Zavtra, No. 19, May, 2001, p. 1

Washington sources report that late April and early May saw a sharp change in the Republican administration’s policy on Russia. The first unofficial signal of this was given to Mikhail Gorbachev, who was honored with an “accidental” meeting with President Bush during talks with senior White House officials. Gorbachev was entrusted with a message for President Putin: the proclaimed policy of strong pressure and total isolation of “corrupt Moscow” from the global community has been cancelled. This was officially confirmed in Bush’s speech on missile defense, which devoted unprecedented attention to Russia. In particular, the US president gave his implicit consent to renaming the national missile defense – it will now be the global missile shield, with Russia and the European Union not only being given participation quotas in producing its components, but also being “covered” by the US nuclear missile “umbrella” (!) according to the NATO model. Moreover, it has been announced that the United States agrees to a meeting between President Putin and President Bush before the G-8 summit in Genoa – Russian diplomats have been working on this for some time. Such a radical change by Washington in favor of “drawing closer” to Moscow is explained by the lamentable results of the first hundred days of the Bush administration. They include some foreign affairs glitches and increasing economic problems within the US, drawing strong criticism from the Democrats. Nevertheless, the foundations of Republican policy remain unchanged, as evidenced by Bush’s proposal to unilaterally cut nuclear warhead numbers to the level specified by START III (1,500 warheads). It is assumed that this initiative will be warmly welcomed by Moscow, which will make similar cuts – after which Russia’s nuclear arsenals will be about the same size as those of China. This, in turn, could prompt China – which has a huge advantage over Russia in conventional weapons – into some aggressive action to the north, fully in line with the theories of Zbigniew Brzezinski…


Nezavisimoe Voennoe Obozrenie, No. 16, May, 2001, p. 1

Colonel-General Anatolii Perminov, commander of the Russian Space Forces, has expressed concern about the Pentagon’s space policy directive, according to which “the US reserves the right to conduct military operations in outer space, through outer space and from outer space in order to influence the outcome of a conflict”. According to Perminov, at the same time “Russia has never had and does not have any plans to create satellites with weapons on board and place them in orbit”; the Russian Space Forces were established to “develop information-space systems in order to compensate for the decrease in the military potential of the Armed Forces after cuts in troop strength”, and “to ensure continuous monitoring of missile launch sites, space reconnaissance and so on. Our satellites would warn the control center of the commander-in-chief and the General Staff of missile attacks.”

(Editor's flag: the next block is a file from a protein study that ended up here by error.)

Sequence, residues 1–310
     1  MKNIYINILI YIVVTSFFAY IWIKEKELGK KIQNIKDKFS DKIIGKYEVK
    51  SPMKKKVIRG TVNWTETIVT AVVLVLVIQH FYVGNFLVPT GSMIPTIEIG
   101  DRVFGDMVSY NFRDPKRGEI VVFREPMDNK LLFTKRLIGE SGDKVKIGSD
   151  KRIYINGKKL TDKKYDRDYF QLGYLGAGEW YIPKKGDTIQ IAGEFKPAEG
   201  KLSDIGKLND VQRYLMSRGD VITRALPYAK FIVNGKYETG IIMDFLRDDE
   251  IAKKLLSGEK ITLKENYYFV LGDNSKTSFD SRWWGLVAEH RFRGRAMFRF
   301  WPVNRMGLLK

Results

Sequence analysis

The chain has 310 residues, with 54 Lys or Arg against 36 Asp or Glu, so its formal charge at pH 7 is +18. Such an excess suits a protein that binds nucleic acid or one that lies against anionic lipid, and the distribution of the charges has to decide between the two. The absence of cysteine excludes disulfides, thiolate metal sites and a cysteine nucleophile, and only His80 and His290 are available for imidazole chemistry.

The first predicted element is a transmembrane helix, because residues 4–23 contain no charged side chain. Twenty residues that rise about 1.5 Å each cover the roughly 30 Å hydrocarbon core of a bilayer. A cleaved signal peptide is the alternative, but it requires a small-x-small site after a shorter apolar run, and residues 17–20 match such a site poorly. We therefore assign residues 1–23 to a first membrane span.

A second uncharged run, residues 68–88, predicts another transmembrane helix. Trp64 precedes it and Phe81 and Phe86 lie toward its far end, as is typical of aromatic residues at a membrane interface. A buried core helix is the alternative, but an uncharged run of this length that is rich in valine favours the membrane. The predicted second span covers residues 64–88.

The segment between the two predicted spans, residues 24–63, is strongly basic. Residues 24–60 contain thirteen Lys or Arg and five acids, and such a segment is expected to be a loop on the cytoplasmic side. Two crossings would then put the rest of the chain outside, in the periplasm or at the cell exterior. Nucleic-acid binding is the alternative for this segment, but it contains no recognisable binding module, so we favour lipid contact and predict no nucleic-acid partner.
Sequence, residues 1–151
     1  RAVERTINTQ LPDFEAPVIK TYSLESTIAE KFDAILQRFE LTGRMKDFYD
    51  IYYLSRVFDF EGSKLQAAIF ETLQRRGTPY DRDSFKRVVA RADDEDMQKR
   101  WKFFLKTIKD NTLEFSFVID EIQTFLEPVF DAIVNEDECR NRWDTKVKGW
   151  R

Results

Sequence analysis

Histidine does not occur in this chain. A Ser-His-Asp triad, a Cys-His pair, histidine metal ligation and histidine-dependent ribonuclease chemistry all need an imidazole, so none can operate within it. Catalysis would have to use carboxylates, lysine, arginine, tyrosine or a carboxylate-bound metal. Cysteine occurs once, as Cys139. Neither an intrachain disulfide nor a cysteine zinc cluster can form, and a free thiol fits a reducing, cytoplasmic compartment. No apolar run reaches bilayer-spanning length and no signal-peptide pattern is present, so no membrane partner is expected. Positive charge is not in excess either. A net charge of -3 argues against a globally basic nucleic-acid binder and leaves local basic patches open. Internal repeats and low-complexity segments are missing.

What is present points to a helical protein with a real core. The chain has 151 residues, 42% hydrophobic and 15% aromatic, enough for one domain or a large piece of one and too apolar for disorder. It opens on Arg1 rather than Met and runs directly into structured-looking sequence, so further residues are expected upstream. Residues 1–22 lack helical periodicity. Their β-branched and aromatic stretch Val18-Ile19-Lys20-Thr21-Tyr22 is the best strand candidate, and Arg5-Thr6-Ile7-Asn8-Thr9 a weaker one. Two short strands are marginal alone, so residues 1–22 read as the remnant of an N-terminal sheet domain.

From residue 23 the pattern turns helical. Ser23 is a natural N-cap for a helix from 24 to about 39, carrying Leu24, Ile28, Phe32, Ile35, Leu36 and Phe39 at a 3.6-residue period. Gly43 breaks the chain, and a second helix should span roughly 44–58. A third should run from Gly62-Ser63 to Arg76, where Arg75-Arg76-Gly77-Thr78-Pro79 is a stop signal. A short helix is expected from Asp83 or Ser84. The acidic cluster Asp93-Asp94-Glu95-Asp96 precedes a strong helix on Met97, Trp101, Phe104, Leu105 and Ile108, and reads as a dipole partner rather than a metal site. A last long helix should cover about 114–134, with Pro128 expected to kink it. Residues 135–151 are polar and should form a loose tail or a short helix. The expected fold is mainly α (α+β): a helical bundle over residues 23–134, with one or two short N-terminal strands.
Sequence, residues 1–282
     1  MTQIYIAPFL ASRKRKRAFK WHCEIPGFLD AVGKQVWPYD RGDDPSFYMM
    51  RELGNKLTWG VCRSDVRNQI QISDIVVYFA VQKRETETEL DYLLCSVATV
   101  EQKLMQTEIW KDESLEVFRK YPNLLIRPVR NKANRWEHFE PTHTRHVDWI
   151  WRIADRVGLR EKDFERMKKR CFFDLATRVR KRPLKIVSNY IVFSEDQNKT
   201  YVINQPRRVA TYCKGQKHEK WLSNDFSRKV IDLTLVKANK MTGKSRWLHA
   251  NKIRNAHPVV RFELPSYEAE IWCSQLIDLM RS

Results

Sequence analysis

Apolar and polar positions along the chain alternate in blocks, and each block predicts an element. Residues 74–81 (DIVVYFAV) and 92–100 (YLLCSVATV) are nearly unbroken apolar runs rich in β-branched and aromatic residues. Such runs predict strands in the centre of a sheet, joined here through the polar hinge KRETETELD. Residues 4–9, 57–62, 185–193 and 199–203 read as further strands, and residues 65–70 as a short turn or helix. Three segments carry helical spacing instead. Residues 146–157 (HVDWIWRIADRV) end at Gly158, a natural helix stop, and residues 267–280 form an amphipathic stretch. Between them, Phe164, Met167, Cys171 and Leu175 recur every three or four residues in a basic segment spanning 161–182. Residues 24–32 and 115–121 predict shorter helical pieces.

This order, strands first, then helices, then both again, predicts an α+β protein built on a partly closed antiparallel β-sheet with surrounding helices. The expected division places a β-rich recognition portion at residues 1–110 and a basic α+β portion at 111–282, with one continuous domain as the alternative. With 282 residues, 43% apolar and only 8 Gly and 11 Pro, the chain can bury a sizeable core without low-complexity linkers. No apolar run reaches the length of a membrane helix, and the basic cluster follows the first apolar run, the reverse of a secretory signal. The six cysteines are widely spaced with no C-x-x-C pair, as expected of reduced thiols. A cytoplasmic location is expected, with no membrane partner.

Nezavisimoe Voennoe Obozrenie, No. 16, May, 2001, p. 1

Anatoly Kornukov, commander-in-chief of the Air Force, said on April 28 that the unified regional anti-aircraft defense system of Russia and Belarus, which will include the Baltic Fleet’s anti-aircraft defenses, will go into operation no later than mid-June. It will be managed by Valerii Kostenko, the Belarussian anti-aircraft defense commander; and funded from the budgets of the Russia-Belarus joint regional defense group and the CIS unified anti-aircraft defense system. According to Kornukov, there are also plans to carry out joint firing exercises in the Kaliningrad region, near Chita, and at the Ashukuk test site in Astrakhan within the framework of CIS anti-aircraft defense system.


Rossiia, No. 17, May, 2001, p. 10

The Russian Book Union – uniting publishers, printers, and book retailers – has held its inaugural congress in Moscow.

Statistics show that 30% of Russian citizens don’t read books, newspapers, or magazines. Over 10 million citizens are illiterate. Russia’s status as “the most well-read country in the world” is rapidly fading into the past. What’s more, printing equipment is wearing out, the structure of the book trade has collapsed, and appropriate legislation is lacking…

The state has no clear policies on books and the promotion of books. The second part of the new Tax Code does not include the existing tax breaks for book publishing. So books, which are already not cheap, will become 80% more expensive. This means vast numbers of readers will be simply unable to afford books.


Ekonomika i Zhizn, No. 18, May, 2001, p. 32

The National Public Opinion Research Center (VTsIOM) did a poll in late March on economic changes in the lives of Russian families (1,600 respondents). Only one in six families is materially better off now than a decade ago. For most families (57%), housing conditions remain unchanged (housing deteriorates quite slowly, after all).

Furniture and domestic appliances deteriorate more rapidly (41% of families report no change). The most revealing figure is family income: it has declined for 62% of families, and risen for only 15%. This affects food and clothing most of all, and standards for both have deteriorated (53-55%).

A curious detail: 48% of respondents consider that they and their families have adjusted to the “new” way of living, but only half of these respondents have managed to increase or at least maintain their previous level of family income. The other half, alas, have only adjusted to a lower standard of living.

A second VTsIOM poll is also interesting (late April, 1,600 respondents in 33 regions, margin of error 3.8%). It asked the question: “Which political goals are in the interests of your family?” The highest response, 69%, was for “development of Russian industry”; and 47% of respondents chose “protection measures for domestic producers”.


Vek, No. 18, May, 2001, p. 2